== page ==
and it is tied to the decline of religion, morals and female emancipation:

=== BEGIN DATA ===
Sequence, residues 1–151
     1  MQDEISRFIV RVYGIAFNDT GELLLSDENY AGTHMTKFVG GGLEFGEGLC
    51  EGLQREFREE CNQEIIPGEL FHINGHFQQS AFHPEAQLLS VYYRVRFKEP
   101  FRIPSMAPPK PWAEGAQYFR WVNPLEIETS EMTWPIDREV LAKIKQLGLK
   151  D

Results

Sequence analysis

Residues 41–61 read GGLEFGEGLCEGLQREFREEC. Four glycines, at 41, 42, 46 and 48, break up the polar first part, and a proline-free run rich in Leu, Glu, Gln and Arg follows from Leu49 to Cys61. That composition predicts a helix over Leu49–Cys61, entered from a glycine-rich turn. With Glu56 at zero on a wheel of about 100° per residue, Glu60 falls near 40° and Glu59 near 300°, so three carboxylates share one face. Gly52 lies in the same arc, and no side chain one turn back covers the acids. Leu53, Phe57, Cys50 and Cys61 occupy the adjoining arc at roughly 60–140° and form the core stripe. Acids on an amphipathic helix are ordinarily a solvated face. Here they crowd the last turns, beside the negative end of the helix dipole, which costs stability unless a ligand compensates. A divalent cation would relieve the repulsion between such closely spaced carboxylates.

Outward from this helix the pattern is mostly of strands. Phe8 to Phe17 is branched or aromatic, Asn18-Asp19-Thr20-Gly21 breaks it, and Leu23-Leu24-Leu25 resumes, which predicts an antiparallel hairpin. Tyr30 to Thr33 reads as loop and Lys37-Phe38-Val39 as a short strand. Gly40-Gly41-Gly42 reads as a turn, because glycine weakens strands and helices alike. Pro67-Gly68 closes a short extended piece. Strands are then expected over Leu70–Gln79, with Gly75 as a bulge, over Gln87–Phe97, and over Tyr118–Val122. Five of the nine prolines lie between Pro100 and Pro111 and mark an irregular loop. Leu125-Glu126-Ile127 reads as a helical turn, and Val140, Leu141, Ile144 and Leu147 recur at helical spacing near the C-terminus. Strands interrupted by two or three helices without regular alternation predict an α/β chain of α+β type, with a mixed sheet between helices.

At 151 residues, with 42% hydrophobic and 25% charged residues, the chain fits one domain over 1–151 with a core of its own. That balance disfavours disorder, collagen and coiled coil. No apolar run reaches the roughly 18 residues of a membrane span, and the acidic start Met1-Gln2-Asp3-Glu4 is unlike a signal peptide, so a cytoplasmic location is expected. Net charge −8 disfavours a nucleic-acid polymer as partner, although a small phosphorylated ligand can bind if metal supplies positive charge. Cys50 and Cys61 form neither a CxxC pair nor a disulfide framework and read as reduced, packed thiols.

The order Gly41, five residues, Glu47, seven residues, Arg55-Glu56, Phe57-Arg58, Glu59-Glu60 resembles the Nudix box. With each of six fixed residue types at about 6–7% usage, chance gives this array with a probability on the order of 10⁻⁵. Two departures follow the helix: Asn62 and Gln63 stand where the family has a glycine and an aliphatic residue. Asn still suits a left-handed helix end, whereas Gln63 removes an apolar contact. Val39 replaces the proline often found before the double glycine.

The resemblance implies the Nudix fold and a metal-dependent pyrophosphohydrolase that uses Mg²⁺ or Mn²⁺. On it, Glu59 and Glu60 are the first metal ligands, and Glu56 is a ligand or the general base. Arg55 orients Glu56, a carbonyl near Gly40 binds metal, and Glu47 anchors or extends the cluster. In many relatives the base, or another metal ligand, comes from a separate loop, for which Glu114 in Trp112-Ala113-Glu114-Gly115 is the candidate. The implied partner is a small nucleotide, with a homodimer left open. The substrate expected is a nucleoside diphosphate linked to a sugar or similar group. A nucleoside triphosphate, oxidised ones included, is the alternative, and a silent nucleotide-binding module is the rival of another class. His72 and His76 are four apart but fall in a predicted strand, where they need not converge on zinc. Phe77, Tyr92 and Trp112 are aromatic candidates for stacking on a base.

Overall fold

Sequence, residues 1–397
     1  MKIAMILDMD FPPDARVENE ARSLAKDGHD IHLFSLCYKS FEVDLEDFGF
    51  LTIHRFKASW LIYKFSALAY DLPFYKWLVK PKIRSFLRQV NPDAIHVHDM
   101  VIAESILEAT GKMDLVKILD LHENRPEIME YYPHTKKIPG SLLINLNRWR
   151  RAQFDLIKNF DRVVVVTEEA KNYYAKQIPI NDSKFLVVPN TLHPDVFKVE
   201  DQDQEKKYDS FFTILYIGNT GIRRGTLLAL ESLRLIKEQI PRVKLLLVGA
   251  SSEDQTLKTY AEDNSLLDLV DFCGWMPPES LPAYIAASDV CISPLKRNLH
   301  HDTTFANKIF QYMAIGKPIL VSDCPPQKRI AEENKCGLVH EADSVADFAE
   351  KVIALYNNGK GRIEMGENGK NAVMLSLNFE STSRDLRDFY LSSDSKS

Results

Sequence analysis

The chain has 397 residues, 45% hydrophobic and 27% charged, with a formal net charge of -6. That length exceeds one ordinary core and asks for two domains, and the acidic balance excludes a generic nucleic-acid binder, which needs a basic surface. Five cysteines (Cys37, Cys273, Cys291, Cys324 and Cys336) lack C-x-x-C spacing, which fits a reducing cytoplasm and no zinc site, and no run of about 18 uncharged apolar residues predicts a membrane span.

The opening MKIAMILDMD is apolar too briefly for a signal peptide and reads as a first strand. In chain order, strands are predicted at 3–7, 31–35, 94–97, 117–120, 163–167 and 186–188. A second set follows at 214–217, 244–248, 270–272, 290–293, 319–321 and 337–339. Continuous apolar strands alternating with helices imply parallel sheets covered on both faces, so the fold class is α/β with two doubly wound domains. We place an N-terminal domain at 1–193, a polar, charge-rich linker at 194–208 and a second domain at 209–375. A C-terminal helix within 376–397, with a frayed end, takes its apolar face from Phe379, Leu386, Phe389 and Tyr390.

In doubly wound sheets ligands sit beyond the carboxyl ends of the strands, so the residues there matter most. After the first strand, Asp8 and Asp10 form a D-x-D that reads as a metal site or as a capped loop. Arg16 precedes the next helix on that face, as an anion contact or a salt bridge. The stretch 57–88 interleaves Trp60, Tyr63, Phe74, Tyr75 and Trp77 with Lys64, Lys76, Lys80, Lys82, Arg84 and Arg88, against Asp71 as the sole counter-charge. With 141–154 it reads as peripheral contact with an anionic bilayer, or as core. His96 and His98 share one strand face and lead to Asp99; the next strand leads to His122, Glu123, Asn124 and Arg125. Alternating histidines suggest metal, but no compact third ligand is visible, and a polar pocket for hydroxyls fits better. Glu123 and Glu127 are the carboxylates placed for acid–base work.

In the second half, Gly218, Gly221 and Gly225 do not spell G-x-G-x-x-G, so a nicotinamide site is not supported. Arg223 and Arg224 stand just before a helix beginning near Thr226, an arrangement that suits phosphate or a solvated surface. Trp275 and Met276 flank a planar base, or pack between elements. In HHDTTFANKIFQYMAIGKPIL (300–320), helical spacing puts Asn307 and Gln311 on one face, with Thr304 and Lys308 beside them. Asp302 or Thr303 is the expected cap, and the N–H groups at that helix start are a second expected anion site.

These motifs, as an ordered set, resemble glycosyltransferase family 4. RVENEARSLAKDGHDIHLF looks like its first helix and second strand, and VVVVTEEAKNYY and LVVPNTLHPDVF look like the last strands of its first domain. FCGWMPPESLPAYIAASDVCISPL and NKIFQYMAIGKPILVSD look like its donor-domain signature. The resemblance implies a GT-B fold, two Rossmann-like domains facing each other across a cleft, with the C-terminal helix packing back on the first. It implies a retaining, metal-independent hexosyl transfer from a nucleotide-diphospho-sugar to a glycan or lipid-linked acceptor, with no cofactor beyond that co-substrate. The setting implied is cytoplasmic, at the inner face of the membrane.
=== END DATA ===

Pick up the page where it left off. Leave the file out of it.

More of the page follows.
Greek women participated actively in the cultural pursuits of the time, and contributed to letters, science, philosophy, and art. Aristodama of Smyrna gave recitals of her poetry throughout Greece, and received many honors. Some philosophers, like Epicurus, did not hesitate to admit women into their schools. Literature began to stress the physical loveliness of woman rather than her worth and charm as a mother; the literary cult of feminine beauty arose in this period alongside the poetry and fiction of romantic love. The partial emancipation of woman was accompanied by a revolt against wholesale maternity, and the limitation of the family became the outstanding social phenomenon of the age. Abortion was punishable only if practiced by a woman against the wish of her husband, or at the instigation of her seducer. When a child came it was in many cases exposed. Only one family in a hundred, in the old Greek cities, reared more than one daughter: “Even a rich man,” reports Poseidippus, “always exposes a daughter.” Sisters were a rarity. Families with no child, or only one, were numerous.